“They want to see the sausage being made, it's really funny I would have never thought it,” Monfre said.
Price (right) said he was happy the show ended early so he could make it home to Lampasas. (Laura Figi/Austonia)
“I am knocked out. It just really didn't get any better than what we just had—this band was so good, the crowd was so good,” Price said. “That's what Austin in the ‘60s and ‘70s was all about, just everybody throwing it together.”
Stories from the Road is returning to The Saxon Pub stage on Dec. 18, with a completely new group of musicians. The show, like always, will start at 6 p.m.
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President Joe Biden signed the CHIPS and Science Act into law on Tuesday, a move that the White House says will unlock hundreds of billions more in semiconductor investment across the country.
Part of that investment could make waves in Central Texas, where semiconductor companies have laid the groundwork for more plants and jobs as a global shortage of semiconductors continues.
For example, Samsung already had a $17 billion semiconductor factory in Taylor on the way. Then in July, documents filed with the state showed that the tech giant is considering 11 chipmaking facilities in the Austin area that it’d build over the next two decades. The proposed $192.1 billion investment would bring more than 10,000 jobs.
\u201cThe CHIPS Act will supercharge our efforts to make semiconductors here in America. It will make cars, appliances, and computers cheaper and lower the costs of everyday goods. And, it will create high-paying manufacturing jobs across the country.\u201d— Joe Biden (@Joe Biden) 1659828240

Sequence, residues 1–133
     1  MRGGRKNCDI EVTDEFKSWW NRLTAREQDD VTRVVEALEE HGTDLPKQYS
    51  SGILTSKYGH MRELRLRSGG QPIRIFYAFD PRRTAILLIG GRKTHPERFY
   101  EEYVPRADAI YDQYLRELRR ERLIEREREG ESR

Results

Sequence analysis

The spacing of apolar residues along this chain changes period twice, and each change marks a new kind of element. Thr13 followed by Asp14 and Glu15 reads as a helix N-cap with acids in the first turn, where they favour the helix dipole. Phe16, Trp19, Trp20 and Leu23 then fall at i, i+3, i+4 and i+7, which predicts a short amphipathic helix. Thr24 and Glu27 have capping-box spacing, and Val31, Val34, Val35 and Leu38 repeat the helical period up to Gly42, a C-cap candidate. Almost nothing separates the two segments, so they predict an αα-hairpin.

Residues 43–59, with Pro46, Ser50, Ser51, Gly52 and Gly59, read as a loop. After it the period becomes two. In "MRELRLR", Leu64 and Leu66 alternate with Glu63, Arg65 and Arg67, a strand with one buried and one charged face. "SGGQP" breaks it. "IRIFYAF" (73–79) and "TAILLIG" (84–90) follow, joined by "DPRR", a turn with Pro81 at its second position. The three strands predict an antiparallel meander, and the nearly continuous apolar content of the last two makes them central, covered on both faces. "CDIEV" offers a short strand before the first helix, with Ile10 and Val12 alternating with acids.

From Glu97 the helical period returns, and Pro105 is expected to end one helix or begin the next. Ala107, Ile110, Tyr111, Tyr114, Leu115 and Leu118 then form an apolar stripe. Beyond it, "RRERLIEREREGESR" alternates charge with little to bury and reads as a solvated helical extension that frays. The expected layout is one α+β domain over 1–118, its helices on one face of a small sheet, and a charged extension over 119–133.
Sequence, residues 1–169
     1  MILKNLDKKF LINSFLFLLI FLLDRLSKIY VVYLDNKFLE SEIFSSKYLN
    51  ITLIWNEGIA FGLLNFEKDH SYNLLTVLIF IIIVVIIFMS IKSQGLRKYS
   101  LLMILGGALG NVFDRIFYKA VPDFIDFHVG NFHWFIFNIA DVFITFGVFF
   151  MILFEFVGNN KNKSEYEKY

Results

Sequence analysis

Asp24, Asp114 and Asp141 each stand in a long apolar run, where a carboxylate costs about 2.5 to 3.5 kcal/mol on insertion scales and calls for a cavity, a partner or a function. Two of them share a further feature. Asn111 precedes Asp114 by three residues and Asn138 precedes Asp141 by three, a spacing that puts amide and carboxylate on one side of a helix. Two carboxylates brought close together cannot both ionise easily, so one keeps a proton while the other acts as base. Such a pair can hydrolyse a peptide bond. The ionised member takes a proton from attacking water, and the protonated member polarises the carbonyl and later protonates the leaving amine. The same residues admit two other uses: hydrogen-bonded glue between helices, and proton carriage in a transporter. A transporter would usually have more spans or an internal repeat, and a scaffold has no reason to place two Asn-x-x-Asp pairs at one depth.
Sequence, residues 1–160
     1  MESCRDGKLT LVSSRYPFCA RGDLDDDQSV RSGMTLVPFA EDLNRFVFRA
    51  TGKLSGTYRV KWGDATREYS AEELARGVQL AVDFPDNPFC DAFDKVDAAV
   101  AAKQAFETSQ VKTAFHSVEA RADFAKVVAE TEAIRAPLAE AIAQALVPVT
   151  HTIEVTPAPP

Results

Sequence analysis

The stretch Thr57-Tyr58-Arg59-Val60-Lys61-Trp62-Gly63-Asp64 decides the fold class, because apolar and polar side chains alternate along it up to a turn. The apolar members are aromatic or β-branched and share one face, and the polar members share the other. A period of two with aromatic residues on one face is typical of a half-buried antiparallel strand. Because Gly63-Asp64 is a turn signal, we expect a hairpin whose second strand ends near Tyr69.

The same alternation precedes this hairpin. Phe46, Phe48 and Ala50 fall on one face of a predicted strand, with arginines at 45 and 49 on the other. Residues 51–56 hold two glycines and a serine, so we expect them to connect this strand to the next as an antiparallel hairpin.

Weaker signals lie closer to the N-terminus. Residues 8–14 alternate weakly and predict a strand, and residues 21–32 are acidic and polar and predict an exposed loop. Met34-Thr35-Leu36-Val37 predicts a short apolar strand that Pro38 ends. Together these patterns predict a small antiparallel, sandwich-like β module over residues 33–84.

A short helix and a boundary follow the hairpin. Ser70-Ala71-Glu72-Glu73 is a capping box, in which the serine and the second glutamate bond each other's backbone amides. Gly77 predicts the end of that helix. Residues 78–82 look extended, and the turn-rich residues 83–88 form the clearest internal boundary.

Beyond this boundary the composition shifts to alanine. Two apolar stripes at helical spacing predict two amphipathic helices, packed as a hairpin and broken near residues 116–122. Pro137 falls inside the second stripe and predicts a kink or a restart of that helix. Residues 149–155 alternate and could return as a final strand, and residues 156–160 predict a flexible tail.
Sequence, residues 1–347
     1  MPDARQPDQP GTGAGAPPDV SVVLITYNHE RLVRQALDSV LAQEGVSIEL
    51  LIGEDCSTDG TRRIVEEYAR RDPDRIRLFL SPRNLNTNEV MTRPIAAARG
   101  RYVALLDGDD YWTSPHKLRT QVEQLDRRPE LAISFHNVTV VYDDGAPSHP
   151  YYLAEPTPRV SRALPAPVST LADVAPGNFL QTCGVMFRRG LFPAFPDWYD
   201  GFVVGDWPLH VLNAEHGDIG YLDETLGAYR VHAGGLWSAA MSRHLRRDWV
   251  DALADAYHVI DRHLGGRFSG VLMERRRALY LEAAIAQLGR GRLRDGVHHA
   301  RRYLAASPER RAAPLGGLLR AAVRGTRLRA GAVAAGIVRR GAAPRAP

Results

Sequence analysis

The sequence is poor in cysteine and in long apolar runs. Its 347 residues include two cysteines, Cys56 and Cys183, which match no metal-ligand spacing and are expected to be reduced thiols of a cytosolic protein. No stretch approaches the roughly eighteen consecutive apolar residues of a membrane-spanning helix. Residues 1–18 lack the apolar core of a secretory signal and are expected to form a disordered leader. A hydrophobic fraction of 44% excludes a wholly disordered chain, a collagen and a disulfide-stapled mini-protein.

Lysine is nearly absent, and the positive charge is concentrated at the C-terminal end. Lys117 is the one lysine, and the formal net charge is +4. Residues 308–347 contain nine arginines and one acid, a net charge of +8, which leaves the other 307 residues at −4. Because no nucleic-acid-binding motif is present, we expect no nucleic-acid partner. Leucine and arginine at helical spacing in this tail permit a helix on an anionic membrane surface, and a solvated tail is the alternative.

Micron Technology is another giant that could make a multi-billion regional investment.
At the start of the year, Micron Technology was reportedly considering a new plant in neighboring Caldwell and Williamson counties, though California, North Carolina and Arizona were also being reviewed as potential sites for the plant.
On Tuesday, Micron announced plans to invest $40 billion between now and 2030 for chip manufacturing in the U.S.
In a public video statement, CEO Sanjay Mehrotra noted how semiconductors are essential to many tools that are a part of everyday life such as computers, smartphones and cars.
“Today is a proud moment for the global Micron team and a strong step forward for American high tech manufacturing leadership,” Mehrotra said. The company said specific plans for the investment will be made available in the coming weeks.
\u201cToday, we announced plans to invest $40 billion in the U.S. through the end of the decade to build leading-edge memory #manufacturing. Our investment will create 40k American jobs and strengthen U.S. supply chains. Watch this space! #jobs #innovation https://t.co/WPePuDVJs6\u201d— Micron Technology (@Micron Technology) 1660050842
Recently, the city has made efforts to train Austin residents for the kind of roles companies like Micron and Samsung would try to fill. A couple of months ago, the city announced a “hire local” plan with Workforce Solutions to help people in fields like manufacturing and information technology get training to move up in their careers.
The bipartisan bill includes $52 billion in semiconductor subsidies. Nationwide, these incentives could create thousands of jobs and multiple fabs, the Semiconductor Industry Association estimates. Some of that could happen in the Austin area from companies looking to expand.